The other answer is that the community can inadvertently create pressure to perform. What happens to people who sell their property but aren’t free in faith yet to give all of the proceeds away? Suppose Ananias had said, “I’ve sold this property. I’d like to be able to give all of the proceeds away, but this is the best I can do.” Do we give people permission to follow their own consciences and to grow in faith over time without being judged along the way? Too often church cultures encourage hypocrisy and deception.

To Sapphira Peter said in verse 9, “Why is it that you have agreed together to put the Spirit of the Lord to the test?” The idea behind that question is this: “You have convinced yourself that God either doesn’t notice or doesn’t care what you are doing. You’ve decided to test either God’s oversight of his church, or his righteous standards.” That’s another challenge for us. Why do we sometimes treat God as if he were inadequate, as if we could pull the wool over his eyes and get away with sin?

Ananias was questioned about their desire to fool the congregation, Sapphira with their determination to test God’s authority.  Both of these choices were foolish and brought about judgment.

Consider two applications of these stories.

How free are we?

The first regards whether we will learn to not claim the things we have as our own. We have no right to believe that they exist to serve us, to provide for our security, to pamper us, or to glorify us. We need to learn that what we have is owned by God.

Oneness of heart with other believers promotes godly stewardship. A Spanish phrase familiar to most of us is on point here: “Mi casa es su casa, my house is your house.” It’s a way of saying, “You’re welcome here.” Beyond the welcome of hospitality is the generosity of dispersing our goods to benefit those in need as God leads.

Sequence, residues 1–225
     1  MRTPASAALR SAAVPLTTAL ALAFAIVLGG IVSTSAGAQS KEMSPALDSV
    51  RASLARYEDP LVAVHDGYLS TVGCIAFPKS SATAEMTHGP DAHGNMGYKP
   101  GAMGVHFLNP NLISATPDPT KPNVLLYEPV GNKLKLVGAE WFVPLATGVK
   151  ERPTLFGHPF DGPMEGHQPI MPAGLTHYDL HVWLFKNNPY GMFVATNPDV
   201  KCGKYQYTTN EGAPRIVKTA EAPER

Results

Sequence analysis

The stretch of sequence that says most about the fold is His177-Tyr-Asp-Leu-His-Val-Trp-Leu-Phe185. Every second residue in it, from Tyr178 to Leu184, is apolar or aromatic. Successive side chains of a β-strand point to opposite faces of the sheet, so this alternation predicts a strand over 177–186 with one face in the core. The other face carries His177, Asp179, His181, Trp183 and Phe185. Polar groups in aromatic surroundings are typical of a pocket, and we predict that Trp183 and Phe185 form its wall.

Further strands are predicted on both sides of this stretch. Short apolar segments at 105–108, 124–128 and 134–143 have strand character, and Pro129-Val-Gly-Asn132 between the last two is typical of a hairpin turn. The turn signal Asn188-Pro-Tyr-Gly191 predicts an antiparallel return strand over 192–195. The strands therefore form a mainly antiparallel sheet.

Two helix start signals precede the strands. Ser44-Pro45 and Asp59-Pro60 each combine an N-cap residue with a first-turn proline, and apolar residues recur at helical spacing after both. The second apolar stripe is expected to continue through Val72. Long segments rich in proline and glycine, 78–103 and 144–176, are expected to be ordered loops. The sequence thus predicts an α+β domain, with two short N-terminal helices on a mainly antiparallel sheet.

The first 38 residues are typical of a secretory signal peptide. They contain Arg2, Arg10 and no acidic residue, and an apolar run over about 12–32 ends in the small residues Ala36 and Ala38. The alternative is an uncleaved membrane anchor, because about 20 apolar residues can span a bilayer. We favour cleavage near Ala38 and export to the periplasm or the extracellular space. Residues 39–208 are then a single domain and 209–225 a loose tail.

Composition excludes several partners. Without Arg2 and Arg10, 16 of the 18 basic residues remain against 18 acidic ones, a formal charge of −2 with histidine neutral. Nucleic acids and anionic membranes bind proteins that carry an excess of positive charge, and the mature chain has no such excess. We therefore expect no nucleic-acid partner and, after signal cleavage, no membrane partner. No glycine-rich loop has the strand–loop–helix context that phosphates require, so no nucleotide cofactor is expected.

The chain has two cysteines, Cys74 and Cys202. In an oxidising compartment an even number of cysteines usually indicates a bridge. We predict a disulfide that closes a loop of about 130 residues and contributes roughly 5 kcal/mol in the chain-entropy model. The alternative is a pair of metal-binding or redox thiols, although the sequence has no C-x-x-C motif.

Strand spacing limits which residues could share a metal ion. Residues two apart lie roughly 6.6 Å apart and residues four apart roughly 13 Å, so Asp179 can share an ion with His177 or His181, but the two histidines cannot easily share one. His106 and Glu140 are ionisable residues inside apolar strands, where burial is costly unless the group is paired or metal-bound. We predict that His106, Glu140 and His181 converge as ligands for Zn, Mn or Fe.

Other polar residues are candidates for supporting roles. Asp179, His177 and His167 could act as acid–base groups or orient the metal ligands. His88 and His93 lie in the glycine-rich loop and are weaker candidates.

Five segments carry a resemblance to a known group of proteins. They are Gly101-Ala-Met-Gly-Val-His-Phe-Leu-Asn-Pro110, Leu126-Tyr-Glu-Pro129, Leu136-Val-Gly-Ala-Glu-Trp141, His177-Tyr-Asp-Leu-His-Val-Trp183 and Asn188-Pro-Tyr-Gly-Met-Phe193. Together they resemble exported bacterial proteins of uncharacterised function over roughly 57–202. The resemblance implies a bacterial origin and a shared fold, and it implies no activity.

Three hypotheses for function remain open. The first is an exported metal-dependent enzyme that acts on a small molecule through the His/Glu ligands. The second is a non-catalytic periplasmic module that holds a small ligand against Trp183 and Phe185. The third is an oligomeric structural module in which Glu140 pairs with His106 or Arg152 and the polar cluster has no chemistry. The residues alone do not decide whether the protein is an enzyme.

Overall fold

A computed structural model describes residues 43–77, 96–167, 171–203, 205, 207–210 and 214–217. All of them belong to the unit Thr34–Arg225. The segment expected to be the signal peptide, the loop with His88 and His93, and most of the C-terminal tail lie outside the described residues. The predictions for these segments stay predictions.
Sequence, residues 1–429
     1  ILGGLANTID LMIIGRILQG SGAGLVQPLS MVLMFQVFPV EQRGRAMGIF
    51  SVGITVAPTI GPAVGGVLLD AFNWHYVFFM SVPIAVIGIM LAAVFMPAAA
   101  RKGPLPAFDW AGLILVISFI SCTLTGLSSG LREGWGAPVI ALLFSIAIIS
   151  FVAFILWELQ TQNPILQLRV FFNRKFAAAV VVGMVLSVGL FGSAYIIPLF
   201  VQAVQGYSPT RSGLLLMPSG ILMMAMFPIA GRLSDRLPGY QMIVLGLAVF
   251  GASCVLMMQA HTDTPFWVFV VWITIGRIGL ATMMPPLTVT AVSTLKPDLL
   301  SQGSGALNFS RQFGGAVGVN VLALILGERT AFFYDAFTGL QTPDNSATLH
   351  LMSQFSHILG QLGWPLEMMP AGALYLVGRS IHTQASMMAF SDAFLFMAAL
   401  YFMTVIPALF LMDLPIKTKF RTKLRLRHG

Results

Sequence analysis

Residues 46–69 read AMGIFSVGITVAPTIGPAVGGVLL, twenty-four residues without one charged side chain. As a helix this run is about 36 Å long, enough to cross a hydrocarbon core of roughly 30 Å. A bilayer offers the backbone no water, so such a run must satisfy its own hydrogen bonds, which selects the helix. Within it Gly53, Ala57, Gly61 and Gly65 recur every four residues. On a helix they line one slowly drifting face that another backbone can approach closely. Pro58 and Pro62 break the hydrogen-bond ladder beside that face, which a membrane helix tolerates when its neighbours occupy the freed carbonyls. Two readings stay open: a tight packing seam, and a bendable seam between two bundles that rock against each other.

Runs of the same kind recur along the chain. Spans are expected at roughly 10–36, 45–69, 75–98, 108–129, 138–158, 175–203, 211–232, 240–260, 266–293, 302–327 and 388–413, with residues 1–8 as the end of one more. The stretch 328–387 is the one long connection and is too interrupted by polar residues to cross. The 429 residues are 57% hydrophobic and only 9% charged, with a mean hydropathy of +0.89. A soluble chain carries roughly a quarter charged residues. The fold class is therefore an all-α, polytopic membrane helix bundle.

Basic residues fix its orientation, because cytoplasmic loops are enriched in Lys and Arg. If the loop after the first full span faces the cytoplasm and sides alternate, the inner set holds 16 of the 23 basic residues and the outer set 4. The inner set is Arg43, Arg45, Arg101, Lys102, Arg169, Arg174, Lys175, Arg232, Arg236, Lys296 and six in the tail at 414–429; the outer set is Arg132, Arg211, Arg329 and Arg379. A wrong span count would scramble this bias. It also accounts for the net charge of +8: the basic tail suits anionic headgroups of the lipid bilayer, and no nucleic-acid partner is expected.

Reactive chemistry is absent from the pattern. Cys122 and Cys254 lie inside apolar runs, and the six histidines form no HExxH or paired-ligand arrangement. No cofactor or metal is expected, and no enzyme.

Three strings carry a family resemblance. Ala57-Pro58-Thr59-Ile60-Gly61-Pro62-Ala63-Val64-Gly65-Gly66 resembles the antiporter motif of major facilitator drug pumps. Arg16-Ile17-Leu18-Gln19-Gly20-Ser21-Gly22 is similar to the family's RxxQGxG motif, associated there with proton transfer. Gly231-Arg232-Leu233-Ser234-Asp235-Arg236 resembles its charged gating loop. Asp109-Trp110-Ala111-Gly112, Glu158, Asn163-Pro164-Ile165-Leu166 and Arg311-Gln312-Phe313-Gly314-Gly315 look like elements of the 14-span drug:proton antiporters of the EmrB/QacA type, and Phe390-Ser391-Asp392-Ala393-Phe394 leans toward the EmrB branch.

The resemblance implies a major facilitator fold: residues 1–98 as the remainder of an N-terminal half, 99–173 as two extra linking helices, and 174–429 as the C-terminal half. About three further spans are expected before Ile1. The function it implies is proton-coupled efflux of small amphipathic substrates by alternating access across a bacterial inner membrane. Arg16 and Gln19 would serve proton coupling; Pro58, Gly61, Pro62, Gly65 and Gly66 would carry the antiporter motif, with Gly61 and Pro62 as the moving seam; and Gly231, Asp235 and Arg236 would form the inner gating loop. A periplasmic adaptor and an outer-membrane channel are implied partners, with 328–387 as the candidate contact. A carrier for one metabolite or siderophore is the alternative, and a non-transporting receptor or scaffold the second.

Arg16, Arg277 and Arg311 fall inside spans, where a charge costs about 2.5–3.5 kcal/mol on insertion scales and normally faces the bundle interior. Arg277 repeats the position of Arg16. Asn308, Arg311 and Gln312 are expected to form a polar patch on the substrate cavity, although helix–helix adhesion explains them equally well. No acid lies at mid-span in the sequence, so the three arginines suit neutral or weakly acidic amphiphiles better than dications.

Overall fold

Frankly, it was easier for me to see money come and go when I was younger. The closer I get to retirement, the greater pressure there is to think about monetary assets as a source of security. Trust in God and faithful stewardship have grown more difficult with age.  But the truth remains: all things belong to the Lord and bold faith is wiser than self-serving caution.

The second point of application for us to consider is whether we give fellow believers permission to struggle. What about people like Ananias who want a reputation for doing well, but fall short in their actions? If someone admits to struggle, are they disregarded, set aside, or loved less?

Ray Stedman in his commentary on Acts said this:

“The minute [Ananias and Sapphira] pretended to be something they were not—death! When we come to church we put on a mask of adequacy, but inside we are inadequate, and we know it. We are struggling with problems in our homes, but we don’t want to tell anyone about them. We can’t get along with our children, but we’ll never admit it to anyone. The pride that doesn’t want anyone else to know what is going on between husbands and wives, and between parents and children, keeps us from sharing. We come to a service, and put on a mask that says everything’s fine! Everything’s wonderful! Somebody asks us how things are going. ‘Great, great! Fine!’ ‘How’s everything at home?’ ‘Oh, wonderful! We’re having a wonderful time!’ The minute we say that and it’s not true, we die. Death sets in. Soon that death pervades the whole church.” (1)

Jesus said, “Where your treasure is, there will your heart be also…. No one can serve two masters…. You cannot serve God and mammon [riches]” (Matthew 6:21, 24). If the gospel isn’t strong enough to break the love of money and the fear of rejection, then it is not true. In these stories there is a challenge to us. It’s possible to be like that beautiful early church. Let’s go that way. We have the potential of seeing God do again in our own time and place what he did among the first Christians.

Scripture quotations are taken from New American Standard Bible, ã 1960, 1962, 1963, 1968, 1971, 1972, 1973, 1975, 1977, 1995 The Lockman Foundation. Used by permission.


(1) Ray C. Stedman, When the Church was Young, © 1970-71, 1995, Discovery Publishing, a ministry of Peninsula Bible Church, Palo Alto, CA. This series is currently available on the PBC web site:

Catalog No. 4746
Acts 4:32-5:11
6th Message
Steve Zeisler
March 10, 2002